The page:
Less than 24 hours after the jarring revelation that Apple’s revered leader, Steve Jobs, would be stepping down from his post as CEO, his replacement has set the stage for the beloved company’s continued growth and success.
Tim Cook, who previously served as Apple’s COO and as interim CEO during Jobs’ previous medical leaves of absence, sent a note to all Apple employees today promising them the company they knew under Steve Jobs won’t change under his leadership.
The note, originally obtained by Ars Technica, reaffirms Jobs’ commitment in his resignation letter that Apple will continue to be a successful and innovative leader in the always-competitive tech sector:
I am looking forward to the amazing opportunity of serving as CEO of the most innovative company in the world. Joining Apple was the best decision I’ve ever made and it’s been the privilege of a lifetime to work for Apple and Steve for over 13 years. I share Steve’s optimism for Apple’s bright future.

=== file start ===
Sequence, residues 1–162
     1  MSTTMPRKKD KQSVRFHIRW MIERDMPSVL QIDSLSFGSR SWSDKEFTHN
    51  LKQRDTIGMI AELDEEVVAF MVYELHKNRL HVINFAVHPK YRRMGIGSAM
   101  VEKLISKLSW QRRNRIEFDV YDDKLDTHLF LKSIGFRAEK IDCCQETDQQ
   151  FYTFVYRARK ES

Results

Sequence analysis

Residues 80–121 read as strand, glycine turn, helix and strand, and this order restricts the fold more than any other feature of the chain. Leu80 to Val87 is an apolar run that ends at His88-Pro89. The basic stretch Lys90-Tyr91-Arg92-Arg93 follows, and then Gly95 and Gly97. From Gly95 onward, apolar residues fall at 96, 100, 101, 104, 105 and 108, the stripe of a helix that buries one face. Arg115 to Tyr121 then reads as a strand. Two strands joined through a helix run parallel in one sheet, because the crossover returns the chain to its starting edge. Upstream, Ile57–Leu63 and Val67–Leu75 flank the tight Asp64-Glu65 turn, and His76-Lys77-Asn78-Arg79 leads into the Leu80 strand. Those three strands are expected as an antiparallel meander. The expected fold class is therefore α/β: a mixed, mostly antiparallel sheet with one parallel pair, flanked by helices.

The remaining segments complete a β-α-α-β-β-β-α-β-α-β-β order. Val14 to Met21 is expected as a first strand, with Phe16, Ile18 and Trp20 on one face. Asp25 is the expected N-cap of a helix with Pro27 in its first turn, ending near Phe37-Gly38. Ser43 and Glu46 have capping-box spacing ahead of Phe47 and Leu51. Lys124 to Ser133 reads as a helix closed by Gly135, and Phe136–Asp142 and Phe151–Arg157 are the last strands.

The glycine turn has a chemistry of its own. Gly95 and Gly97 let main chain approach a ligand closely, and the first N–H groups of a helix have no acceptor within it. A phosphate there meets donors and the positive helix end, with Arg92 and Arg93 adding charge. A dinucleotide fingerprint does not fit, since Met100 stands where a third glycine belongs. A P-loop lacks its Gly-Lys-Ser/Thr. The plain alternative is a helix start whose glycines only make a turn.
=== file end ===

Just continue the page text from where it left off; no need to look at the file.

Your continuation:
Steve has been an incredible leader and mentor to me, as well as to the entire executive team and our amazing employees. We are really looking forward to Steve’s ongoing guidance and inspiration as our Chairman.
I want you to be confident that Apple is not going to change. I cherish and celebrate Apple’s unique principles and values. Steve built a company and culture that is unlike any other in the world and we are going to stay true to that—it is in our DNA. We are going to continue to make the best products in the world that delight our customers and make our employees incredibly proud of what they do.
I love Apple and I am looking forward to diving into my new role. All of the incredible support from the Board, the executive team and many of you has been inspiring. I am confident our best years lie ahead of us and that together we will continue to make Apple the magical place that it is.
Cook is no stranger to the tech community, often appearing alongside Steve Jobs at Apple events and giving important keynote speeches in Jobs’ absence. Cook has been a part of the Apple team since 1998, joining as Senior Vice President of Global Operations, and rising to his previously-held position of Chief Operating Officer in 2005.